While I don't always think it makes our lives better, I am a believer in technology and the good things that it can do. It is, after all, an integral and even important part of our lives. And the more familiar that we are with it, the more useful it can be.

There are times, however, that I think things can get out of hand. It seems that it is not unusual for everything to take a backseat to our computers or smartphones. This situation can develop into a dependency on technology that is not unlike addiction, especially when it involves the developing minds of young children.

In fact, studies have shown that some children spend more than seven hours each day in front of a screen, often from the moment they get home until they go to bed. Anywhere from 2% to 10% of children who play video games are addicted to them. Parents are even going so far as to send their kids to "video rehab" programs to ween them off their dependency on their digital devices. And for good reason: addiction to technology can have adverse consequences on their physical, mental, and emotional health while affecting their performance in school and their social interactions with their peers. Kids who spend a lot of time in front of their screens are also less active and potentially more prone to gain weight, which puts them at greater risk for obesity and diabetes.

How can you tell if your child is addicted to technology? As with any sort of health or behavioral problem, there are varying degrees of severity. There are, however, some telltale signs that your child is going down this path.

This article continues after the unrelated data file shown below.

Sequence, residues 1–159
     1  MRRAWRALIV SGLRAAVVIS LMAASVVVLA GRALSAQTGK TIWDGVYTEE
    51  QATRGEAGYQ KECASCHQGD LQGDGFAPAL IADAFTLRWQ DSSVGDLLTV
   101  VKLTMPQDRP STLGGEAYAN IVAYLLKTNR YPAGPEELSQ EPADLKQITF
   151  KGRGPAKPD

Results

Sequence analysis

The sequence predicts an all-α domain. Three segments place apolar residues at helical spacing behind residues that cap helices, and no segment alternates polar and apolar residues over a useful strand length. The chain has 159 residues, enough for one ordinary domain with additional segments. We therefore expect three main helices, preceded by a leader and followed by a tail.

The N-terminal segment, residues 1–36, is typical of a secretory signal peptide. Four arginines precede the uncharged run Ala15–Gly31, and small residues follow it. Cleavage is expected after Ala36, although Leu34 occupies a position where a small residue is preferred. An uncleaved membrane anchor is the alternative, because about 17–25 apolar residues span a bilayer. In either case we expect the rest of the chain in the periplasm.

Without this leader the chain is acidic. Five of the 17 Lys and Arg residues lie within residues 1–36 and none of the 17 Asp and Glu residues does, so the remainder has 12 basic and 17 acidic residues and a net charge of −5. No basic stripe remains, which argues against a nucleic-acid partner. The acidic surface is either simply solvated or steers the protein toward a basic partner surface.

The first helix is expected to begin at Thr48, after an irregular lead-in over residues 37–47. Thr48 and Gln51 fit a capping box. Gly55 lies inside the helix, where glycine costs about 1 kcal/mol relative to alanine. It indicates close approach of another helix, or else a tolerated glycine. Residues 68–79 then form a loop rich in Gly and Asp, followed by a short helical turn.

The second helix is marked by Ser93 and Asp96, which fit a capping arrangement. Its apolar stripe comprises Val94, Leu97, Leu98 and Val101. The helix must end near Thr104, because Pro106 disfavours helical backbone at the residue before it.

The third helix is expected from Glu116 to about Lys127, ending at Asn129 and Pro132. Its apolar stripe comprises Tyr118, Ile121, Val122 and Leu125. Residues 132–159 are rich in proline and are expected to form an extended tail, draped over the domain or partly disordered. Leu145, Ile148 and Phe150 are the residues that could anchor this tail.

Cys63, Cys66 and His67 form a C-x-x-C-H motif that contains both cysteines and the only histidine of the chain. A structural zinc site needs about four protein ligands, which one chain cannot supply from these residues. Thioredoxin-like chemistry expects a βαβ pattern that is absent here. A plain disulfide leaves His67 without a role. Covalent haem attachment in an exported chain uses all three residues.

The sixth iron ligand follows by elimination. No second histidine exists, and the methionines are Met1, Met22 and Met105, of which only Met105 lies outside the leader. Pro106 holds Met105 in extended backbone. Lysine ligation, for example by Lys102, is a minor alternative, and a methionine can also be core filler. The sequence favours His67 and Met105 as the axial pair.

Questions to ask yourself:

  1. Is your child restless, irritable, or moody when they are not in front of a screen?
  2. Does your child want or demand an increasing amount of time in front of the screen?
  3. Is their schoolwork being compromised?
  4. Are they beginning to disregard their appearance or health?
  5. Is their social life beginning to suffer?
  6. Does your child cheat or lie about how much time they're on the computer?
  7. Do they ignore your requests or demands to put down their phone?
  8. Do they throw a tantrum when you make them turn off their screen?

The situation is rarely clear and absolute, so parents need to keep an eye out for any of these signs and assess the situation accordingly.

If you are concerned about your child's immersion in technology, here are some suggestions to help address them or prevent addiction from occurring in the first place.

Helpful Ideas:

  • Set rules, make them understand screen time is not a privilege and not a right, and stand your ground.
  • Keep computers out of their rooms, and put them in public places like the kitchen or living room.
  • Talk to kids and show some genuine interest in what they are doing, i.e., that you care.
  • Make sure they get out of the house at least once a day, if not more.
  • Establish and enforce rules of technology etiquette.
  • Provide them with other activities that don't involve screens.
  • Lead by example; kids will emulate parental "tech behavior."
  • Be a parent and not a friend, because some rules or decisions will not be popular.

If you are concerned about technology addiction, talk to your child's doctor and/or teacher, and visit the website for WebMD.